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50 Countries!

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50 Countries!

People from 50 countries have given us unsolicited compliments about one of our recordings.  They range from the "thumbs up" or "heart" icon, from places where little English is spoken, to "awesome” and "How come I haven't heard of you?"  We are not world-wide famous in the typical sense; we live in Lethbridge, a city of 100,000 people, perform about 20 times a year and rehearse twice a week.  We don't have a band manager, don't have a record company, and use moderately priced instruments and PA systems--many products from Long & McQuade in fact.  We don't even travel more than 200 km for gigs.

 

How did this happen?  How can YOU get the same results?

1.   Make a good recording.  We choose our arrangement of Hit The Road Jack because we had performed and rehearsed it at least 50 times.  We did the guitars, bass and drums together, "live off the floor" as they say, then after that, added keyboards and vocals on top.  Because we also rehearsed for the recording, we got it "off the floor" in four takes, and the keyboards and vocals were quick to finish after that.  Then we had the recording engineer work with me to do the mixing: 4 hours recording, 4 hours mixing.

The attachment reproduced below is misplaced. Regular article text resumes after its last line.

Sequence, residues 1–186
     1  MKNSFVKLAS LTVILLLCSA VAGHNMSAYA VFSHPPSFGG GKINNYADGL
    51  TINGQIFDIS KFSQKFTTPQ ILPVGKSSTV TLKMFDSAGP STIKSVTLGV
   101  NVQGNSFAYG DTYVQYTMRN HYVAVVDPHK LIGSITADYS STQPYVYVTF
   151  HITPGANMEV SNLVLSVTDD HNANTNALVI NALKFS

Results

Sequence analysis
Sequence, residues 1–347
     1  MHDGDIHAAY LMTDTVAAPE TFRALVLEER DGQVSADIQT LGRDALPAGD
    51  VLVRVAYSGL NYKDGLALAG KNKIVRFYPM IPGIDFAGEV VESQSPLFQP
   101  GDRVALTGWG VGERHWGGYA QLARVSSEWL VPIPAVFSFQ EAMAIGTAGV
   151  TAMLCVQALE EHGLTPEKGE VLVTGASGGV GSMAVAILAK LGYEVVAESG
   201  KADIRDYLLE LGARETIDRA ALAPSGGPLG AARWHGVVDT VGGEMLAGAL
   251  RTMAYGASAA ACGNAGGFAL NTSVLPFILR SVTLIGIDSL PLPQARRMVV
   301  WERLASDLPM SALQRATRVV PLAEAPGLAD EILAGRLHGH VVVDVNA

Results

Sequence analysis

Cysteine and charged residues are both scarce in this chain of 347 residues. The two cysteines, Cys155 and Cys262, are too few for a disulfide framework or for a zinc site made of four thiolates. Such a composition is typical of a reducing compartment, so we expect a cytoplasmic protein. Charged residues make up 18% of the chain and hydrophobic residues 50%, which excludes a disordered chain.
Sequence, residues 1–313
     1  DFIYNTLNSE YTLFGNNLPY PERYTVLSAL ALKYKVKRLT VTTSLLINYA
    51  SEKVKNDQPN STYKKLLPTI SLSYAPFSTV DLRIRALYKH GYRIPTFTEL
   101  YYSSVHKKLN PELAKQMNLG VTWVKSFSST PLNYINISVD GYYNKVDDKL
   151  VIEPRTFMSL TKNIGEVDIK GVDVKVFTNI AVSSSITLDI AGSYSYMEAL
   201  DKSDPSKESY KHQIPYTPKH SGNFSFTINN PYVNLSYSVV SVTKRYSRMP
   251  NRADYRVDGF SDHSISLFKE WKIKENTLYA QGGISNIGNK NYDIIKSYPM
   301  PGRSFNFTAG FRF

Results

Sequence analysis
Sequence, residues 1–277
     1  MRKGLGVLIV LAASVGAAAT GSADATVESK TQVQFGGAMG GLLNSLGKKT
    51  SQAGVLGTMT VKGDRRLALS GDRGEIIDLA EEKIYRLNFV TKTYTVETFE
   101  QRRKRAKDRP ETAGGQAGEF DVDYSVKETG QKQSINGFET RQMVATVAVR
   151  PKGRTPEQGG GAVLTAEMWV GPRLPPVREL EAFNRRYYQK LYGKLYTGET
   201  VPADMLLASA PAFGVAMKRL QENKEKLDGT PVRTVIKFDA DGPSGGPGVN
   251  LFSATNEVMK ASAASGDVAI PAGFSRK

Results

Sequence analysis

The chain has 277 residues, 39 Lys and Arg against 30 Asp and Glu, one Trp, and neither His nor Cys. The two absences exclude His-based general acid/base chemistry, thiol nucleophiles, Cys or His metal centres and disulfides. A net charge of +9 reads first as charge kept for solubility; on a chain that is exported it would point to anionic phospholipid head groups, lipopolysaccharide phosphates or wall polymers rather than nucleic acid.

Check out our selection of microphones and recording software

2.   Do the legal work on the copyright.  Frankly, it is a confusing mess all over the world, but since this song is controlled through the writer and the Ray Charles Foundation, we paid the Harry Fox Agency in New York (they handle 90% of the popular music) the advance royalties on 1000 downloads...amounting to 9.1% of USA sales.  If you are doing your original song, skip this step.

3.   With this step done, we went to CD Baby.com (there are other sites that you can use).  We had the song put up on their site for download sales--one time cost of about $25.  We submitted cover art to them as well, all by email.  They also take 9% of your sales, but in return, they do all the accounting for you 24/7, and will advance your song onto iTunes, and other sites you wish, including streaming sites like Spotify or Deezer.